The Canadian dollar rose to a fresh trend high against the greenback, driven by higher oil prices paired with the rise in market sentiment, and the commodity currency may continue to advance over the following week as traders raise their appetite for higher risk/reward investments.
[B]Canadian Dollar May Weaken Further as Trade Conditions Deteriorate[/B]
[B]Fundamental Forecast for Canadian Dollar: [/B][B]Bearish[/B]
- Bank of Canada holds interest rate steady at the record-low
- Canadian labor market falters, with unemployment rising to an 11-year high
- Canadian growth rate falls 5.4% in first-quarter
The Canadian dollar rose to a fresh trend high against the greenback, driven by higher oil prices paired with the rise in market sentiment, and the commodity currency may continue to advance over the following week as traders raise their appetite for higher risk/reward investments. At the same time, the Bank of Canada held the benchmark interest rate at the record-low of 0.25%, but warned that the appreciation in the exchange could “fully offset” the improvements in the economy as the loonie strength “reflects a combination of higher commodity prices and generalized weakness in the U.S. currency.’ The comments suggests that the sharp spikes in the exchange rate could hamper the outlook for future policy, and the BoC may take additional steps over the medium-term to shore up the economy as growth prospects deteriorate.
Moreover, the central bank explicitly stated that they will continue to hold borrowing costs at its current level into the following year, and went onto say that the board still has the “flexibility” to utilize tools beyond the interest rate if economic conditions continue to deteriorate. A report by Statistics Canada showed a deepening downturn in the labor market, with the unemployment rate jumping to an 11-year high, and fears of a deepening downturn could lead the central bank to adopt unconventional tools to stimulate the ailing economy as the outlook for growth and inflation falter. In addition, the GDP report showed the economy marked its biggest contraction since 1991, driven by a downturn in exports, and businesses may continue to scale back on production and employment over the medium-term as global trade conditions falter.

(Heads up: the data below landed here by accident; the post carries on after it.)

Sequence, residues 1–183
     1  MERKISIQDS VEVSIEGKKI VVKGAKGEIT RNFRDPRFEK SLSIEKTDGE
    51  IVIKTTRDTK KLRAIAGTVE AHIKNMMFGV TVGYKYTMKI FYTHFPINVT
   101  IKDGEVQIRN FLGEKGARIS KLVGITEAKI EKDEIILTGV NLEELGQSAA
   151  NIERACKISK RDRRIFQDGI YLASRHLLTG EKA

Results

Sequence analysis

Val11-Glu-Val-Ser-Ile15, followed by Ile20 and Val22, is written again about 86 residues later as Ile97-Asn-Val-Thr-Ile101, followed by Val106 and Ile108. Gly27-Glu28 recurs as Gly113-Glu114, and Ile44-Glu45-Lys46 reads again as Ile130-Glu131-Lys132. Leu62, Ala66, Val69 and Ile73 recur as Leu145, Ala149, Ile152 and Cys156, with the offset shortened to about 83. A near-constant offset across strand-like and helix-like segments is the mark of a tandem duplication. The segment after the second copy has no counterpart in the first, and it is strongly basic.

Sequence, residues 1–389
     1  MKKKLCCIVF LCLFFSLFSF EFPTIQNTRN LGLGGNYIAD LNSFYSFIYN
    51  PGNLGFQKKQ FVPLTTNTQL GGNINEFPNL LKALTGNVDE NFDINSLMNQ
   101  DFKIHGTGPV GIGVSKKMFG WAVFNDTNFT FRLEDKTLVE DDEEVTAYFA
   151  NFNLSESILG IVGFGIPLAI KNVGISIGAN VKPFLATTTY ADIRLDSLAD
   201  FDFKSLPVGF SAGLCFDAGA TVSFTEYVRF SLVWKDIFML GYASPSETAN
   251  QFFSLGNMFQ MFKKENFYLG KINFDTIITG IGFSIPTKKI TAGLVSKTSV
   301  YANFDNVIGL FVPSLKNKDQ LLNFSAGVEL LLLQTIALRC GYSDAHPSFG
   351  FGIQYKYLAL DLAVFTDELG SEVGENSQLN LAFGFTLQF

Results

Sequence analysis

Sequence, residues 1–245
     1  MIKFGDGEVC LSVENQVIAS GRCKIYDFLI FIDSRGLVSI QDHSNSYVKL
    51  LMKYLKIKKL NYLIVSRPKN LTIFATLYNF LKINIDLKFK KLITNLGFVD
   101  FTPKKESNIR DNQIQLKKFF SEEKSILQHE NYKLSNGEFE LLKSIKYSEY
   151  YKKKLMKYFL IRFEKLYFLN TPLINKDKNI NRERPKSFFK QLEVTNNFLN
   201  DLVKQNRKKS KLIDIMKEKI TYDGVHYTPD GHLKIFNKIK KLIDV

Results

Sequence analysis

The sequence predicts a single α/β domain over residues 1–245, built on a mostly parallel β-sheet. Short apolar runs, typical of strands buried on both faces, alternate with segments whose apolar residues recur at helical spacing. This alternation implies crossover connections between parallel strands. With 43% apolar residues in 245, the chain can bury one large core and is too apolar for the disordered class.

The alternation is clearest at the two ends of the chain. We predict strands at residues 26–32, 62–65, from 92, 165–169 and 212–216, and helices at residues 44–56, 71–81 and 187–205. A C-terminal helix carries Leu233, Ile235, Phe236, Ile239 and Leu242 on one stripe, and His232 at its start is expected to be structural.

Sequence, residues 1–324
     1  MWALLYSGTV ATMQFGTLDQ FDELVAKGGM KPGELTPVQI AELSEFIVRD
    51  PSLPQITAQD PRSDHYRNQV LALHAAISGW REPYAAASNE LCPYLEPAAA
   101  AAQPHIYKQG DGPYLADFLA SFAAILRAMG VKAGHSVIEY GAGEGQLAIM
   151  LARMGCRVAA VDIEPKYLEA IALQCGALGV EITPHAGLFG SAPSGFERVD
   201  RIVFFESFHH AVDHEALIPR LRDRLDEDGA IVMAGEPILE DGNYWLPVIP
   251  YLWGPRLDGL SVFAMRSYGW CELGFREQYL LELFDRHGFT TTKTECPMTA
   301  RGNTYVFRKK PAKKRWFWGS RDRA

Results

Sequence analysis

Meanwhile, the USD/CAD slipped to 1.0790 earlier this week, which is the lowest since October 2008, and the pair may retrace the sharp decline in the week ahead as the economic docket is expected to reinforce a dour outlook for future growth. The trade surplus is expected to fall lower in April as the U.S., Canada’s biggest trading partner, faces its worst economic downturn in over half a century, while new home prices are expected to fall another 0.5% during the same period. However, a rebound in housing starts could encourage an enhanced outlook for the world’s eighth largest economy, and further improvement in market sentiment may continue to drive the loonie higher as investors raise their appetite for risky assets. - DS